[Python-Dev] Making PyInterpreterState an opaque type
steve.dower at python.org
Mon Feb 18 22:04:31 EST 2019
On 18Feb.2019 1324, Jeroen Demeyer wrote:
> Still, do we really need so many levels of API:
> (1) stable API (with #define Py_LIMITED_API)
> (2) public documented API
> (3) private undocumented API (the default exposed API)
> (4) internal API (with #define Py_BUILD_CORE)
> I would argue to fold (4) into (3). Applications using (3) already know
> that they are living dangerously by using private API.
I agree completely. It's unfortunate we ended up in a state where the
stable API was opt-in, but that's where we are now and we have to
The ideal would be:
* default to cross-version supported APIs (i.e. stable for all 3.*)
* opt-in to current-version stable APIs (i.e. stable for all 3.7.*)
* extra opt-in to unstable APIs (i.e. you are guaranteed to break one
day without warning)
> I'm afraid of hiding actually useful private macros under Py_BUILD_CORE.
> For example, Modules/_functoolsmodule.c and Modules/_json.c use API
> functions from (4). But if an API function is useful for implementing
> functools or json, then it's probably also useful for external extension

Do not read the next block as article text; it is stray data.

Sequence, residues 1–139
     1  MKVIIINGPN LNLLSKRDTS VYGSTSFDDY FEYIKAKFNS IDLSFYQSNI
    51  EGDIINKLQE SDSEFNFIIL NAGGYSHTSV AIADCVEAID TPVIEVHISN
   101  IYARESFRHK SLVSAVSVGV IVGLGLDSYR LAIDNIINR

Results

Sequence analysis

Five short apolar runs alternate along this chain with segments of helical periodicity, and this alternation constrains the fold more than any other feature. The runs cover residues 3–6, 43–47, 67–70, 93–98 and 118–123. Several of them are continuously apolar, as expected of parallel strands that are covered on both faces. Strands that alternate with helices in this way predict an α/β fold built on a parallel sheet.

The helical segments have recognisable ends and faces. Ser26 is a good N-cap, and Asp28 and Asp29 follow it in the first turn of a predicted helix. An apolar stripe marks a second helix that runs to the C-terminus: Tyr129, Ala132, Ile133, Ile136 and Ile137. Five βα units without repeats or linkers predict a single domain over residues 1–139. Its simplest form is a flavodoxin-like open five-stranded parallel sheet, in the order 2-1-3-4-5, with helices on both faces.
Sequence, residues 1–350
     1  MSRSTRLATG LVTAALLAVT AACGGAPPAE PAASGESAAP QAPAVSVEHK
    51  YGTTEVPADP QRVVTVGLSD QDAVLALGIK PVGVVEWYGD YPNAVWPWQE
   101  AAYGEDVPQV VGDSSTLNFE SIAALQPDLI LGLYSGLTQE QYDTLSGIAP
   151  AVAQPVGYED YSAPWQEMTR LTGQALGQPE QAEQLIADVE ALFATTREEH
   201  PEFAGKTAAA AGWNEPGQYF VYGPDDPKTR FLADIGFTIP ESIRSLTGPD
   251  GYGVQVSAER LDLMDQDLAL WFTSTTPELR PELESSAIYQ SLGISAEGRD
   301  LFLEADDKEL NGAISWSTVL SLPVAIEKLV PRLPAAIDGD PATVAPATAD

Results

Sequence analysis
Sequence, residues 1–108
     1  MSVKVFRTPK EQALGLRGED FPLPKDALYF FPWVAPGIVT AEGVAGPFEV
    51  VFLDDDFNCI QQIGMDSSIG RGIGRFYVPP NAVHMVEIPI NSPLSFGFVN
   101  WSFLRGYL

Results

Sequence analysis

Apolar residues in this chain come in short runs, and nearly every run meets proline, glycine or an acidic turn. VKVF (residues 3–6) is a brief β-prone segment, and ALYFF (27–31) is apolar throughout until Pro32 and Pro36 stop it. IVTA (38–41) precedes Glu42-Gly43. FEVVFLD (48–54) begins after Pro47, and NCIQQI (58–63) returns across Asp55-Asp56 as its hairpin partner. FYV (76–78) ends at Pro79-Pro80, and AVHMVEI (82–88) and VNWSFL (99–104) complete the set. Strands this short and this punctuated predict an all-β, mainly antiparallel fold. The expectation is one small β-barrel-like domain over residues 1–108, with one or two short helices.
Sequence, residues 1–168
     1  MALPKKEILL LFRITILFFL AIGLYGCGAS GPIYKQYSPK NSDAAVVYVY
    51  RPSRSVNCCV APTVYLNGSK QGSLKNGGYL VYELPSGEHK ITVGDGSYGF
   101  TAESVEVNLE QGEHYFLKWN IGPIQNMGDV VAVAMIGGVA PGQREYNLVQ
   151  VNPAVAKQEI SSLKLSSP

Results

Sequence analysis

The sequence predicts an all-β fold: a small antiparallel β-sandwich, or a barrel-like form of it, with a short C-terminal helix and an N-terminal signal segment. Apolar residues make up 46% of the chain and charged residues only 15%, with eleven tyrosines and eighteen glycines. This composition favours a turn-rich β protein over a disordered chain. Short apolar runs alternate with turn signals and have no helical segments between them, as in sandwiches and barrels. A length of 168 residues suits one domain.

> modules: what if I want to implement something similar to functools or
> json, why shouldn't I be allowed to use those same API functions?
> For a very concrete example, was it really necessary to put
> _PyTuple_ITEMS in (4)? That's used in _functoolsmodule.c. Especially
> given that the very similar PySequence_Fast_ITEMS is in (2), that seems
> like a strange and arbitrary limiting choice.
The reason to do this is that we can "guarantee" that we've fixed all
users when we change the internal representation. Otherwise, the
internal memory layout becomes part of the public ABI, which is what we
want to fix. (PyTuple_GET_ITEM is just as problematic, FWIW.)
If you always rebuild your extension for every micro version (3.x.y) of
CPython, then sure, go ahead and use this. But you're by far into the
minority of users/developers, and so we really don't want to optimise
for this case when it's going to break the 90%+ of people who don't
recompile everything all the time.
More information about the Python-Dev